Moral of the story: Check where you are about to pound that copper rod into. It could possibly save you time and money in the future.
    Jerry
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  17. carl-s

    carl-s Extra

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    If you soil isn't too bad then you can get a post pounder for driving that rod in . A post pounder is what is used to drive 6 or 8ft fence post and is nothing more than a hollow steel pipe ,about 28 inches tall,with a handle on each side and a welded plate on top. I prefer one of these instead of a sledge hammer. You will only be able to go so low then you hammer it the rest of the way to the ground.
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  18. Tom Herman

    Tom Herman Auditioning

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    To avoid the problem JerryLA had (driving a ground rod damages a hidden underground pipe or electrical cable)-- in many regions, there are underground utility detection services that will come out to your house ("free - no charge") and locate these underground utilities. Sometimes it is done by the local power utility, othertimes it is an independent service that all the local utilities subscribe to.
    The services do a remarkably accurate job of localizing the underground pipes. I was scared I'd drive a rod into the my underground 220V electrical service and electrocute myself, but was able to stay well away from the power feed.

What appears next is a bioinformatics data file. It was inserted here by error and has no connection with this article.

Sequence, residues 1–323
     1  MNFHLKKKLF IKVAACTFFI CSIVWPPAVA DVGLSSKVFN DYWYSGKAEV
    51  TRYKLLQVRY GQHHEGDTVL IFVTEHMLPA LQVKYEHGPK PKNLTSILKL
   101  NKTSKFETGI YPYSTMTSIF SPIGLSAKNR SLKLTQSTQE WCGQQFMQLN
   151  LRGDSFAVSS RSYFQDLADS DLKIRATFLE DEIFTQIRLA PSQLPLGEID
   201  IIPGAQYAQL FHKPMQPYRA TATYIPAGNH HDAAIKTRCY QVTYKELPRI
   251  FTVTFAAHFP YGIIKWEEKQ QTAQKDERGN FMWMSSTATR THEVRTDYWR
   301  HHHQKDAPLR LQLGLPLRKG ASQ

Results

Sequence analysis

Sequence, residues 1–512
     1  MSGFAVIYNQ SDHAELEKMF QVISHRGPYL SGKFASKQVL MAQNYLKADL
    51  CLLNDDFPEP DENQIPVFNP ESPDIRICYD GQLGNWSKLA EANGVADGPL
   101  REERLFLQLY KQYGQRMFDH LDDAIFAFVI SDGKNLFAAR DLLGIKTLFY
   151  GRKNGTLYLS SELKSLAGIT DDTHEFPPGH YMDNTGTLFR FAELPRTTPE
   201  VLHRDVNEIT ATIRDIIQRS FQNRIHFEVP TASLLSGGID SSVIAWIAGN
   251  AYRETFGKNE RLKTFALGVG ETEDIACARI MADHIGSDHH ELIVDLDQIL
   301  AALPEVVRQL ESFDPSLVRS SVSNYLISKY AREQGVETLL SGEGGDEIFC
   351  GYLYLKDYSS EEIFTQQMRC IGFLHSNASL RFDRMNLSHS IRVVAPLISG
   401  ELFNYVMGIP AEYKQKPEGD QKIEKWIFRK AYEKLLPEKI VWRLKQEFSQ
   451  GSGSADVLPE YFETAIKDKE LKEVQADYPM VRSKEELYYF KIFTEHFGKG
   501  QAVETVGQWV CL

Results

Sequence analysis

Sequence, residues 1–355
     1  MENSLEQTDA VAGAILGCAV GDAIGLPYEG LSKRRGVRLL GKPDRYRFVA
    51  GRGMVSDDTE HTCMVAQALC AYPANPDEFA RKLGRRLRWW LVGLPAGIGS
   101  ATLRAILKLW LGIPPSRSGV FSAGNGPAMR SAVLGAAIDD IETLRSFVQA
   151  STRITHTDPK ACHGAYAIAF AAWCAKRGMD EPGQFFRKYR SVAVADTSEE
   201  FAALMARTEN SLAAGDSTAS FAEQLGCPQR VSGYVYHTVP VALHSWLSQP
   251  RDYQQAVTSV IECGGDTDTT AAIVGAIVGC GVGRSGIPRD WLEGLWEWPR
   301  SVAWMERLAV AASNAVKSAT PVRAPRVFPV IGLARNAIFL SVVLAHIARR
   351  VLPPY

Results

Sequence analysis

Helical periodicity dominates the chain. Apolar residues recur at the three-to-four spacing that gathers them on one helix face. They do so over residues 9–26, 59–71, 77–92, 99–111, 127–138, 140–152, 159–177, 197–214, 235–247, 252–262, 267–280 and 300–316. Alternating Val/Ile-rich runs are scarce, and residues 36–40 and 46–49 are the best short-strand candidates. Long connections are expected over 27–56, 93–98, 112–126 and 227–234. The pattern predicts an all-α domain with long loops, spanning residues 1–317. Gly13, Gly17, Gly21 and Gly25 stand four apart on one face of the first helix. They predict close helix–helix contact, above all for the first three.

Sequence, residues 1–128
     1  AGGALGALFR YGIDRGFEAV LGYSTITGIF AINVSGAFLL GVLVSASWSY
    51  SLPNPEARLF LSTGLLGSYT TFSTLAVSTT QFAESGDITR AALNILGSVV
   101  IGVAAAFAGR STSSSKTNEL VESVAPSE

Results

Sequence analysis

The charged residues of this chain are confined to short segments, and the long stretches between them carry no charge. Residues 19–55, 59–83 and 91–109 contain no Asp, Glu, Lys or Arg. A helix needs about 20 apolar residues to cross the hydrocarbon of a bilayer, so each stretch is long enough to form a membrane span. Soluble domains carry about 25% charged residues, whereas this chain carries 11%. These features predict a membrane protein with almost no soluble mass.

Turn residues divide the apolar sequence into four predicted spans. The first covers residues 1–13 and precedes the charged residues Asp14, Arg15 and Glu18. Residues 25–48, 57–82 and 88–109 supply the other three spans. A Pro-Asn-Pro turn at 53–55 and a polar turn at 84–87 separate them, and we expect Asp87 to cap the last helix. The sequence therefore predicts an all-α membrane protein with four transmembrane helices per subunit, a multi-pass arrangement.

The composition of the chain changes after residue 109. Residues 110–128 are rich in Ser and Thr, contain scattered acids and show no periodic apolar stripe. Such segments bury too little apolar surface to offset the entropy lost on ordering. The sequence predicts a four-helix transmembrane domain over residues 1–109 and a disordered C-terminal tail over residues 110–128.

19. Randy Boecker

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    Howard:
    I wanted to avoid the installation costs and decided to put up my own antenna. The grounding requirements drove me nuts!! I thought about hiring someone to do it for me, but you need to be real careful who you get. I know for a fact that the people that installed my first satellite dish did not ground it to code. Paying someone to do it for you only means you'll get picture when you're done. I wouldn't count on strict adherence to the NEC.
    I figured there are two main issues: lighting protection and running off static buildup in the coaxial lead itself. I drove a ground rod next to the foundation of my house after 3 days of rain. It went in surprisingly easily. I used a #10 copper wire to ground the antenna mast to the rod. I then used a dual ground block for my tv antenna lead and my satellite dish lead. For that one, I ran another #10 copper wire around to the electrical box (about 50 ft around the house!) and grounded where the telephone and cable systems are grounded. The satellite dishes themselves are then grounded to the ground block as well. Everything goes to the house ground except the antenna mast.